This house on the Algiers neighborhood’s Pelican street was once home to jazz musician Louis Douroux. Douroux was born in 1875 and played cornet in the Pickwick Brass Band. He also played in the Eureka and Excelsior Brass Bands. In 1894, he married Olivia Manetta, who was a multi-instrument musician who particularly excelled on the trumpet. They had a daughter, Dolly Douroux, who later became a notable jazz musician herself. The house is included in the Algiers Point Association’s self-guided “Over da River” Jazz Tour.
Dolly Douroux (1904-1979), married name Adams, was a jazz musician who played the piano, trumpet, guitar and drums. However, she is best known as a pianist. The Douroux and Manetta families were both of the Creole of Color ethnicity and were also both established musical families. Adams began playing the piano at age seven and was playing private parties with her brother by the time she was nine. As a young person, she was a music student at St. Mary’s Academy. St. Mary’s is a private Catholic school founded in 1867 and still in existence. Her brother was a violinist. She began playing in her uncle’s band at age thirteen. Playing in Manuel Manetta’s, her uncle, band gave her the opportunity to play with many legendary jazz musicians, including Louis Armstrong, Joe “King” Oliver, and Kid Ory. She married fellow musician Placide Adams in 1922.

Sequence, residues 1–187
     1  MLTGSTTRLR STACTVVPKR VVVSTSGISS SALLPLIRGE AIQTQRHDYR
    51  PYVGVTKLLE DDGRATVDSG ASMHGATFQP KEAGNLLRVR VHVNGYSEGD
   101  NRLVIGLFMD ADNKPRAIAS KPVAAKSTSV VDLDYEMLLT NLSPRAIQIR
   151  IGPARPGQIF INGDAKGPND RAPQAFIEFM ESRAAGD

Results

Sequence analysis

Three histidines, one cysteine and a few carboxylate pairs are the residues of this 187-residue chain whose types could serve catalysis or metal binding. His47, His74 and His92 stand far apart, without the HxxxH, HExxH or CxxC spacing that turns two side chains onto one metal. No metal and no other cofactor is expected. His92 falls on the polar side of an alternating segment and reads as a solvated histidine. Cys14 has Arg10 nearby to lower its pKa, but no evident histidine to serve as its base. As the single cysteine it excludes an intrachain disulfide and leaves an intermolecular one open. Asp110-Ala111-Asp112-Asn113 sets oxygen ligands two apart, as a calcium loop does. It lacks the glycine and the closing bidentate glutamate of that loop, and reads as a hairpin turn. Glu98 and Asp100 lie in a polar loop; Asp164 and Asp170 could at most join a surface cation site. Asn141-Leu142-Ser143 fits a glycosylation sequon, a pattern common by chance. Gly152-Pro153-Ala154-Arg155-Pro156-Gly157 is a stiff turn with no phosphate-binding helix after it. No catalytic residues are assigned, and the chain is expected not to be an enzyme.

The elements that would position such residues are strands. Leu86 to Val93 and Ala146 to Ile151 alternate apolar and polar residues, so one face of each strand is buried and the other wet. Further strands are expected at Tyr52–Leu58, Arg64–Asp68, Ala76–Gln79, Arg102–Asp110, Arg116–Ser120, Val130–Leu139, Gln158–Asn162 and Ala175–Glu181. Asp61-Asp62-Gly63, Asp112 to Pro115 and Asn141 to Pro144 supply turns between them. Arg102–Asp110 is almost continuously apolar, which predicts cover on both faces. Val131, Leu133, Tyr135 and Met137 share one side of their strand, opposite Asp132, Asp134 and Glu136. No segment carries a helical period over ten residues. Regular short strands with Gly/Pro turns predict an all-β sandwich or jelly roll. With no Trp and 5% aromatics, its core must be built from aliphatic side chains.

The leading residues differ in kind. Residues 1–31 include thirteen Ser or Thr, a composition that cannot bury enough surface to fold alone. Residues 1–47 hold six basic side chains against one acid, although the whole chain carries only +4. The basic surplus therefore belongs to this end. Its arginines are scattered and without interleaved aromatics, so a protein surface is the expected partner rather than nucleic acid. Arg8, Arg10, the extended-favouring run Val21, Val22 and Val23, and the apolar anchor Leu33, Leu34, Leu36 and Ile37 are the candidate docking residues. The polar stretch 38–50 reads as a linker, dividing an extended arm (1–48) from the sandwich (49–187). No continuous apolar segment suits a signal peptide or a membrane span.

Although normally restrictive gender norms would have prevented Adams from pursuing many performance opportunities, particularly early in her career, Adams was relatively free to play in public because she was generally playing with her family. Gigs even took them to the brothels in the infamous Storyville district of New Orleans. They occasionally played Lulu White’s Mahogany Hall, one of the most famous brothels of Storyville. Adams was also part of the Creole Serenaders and Peter Bocage’s band at different points in her career.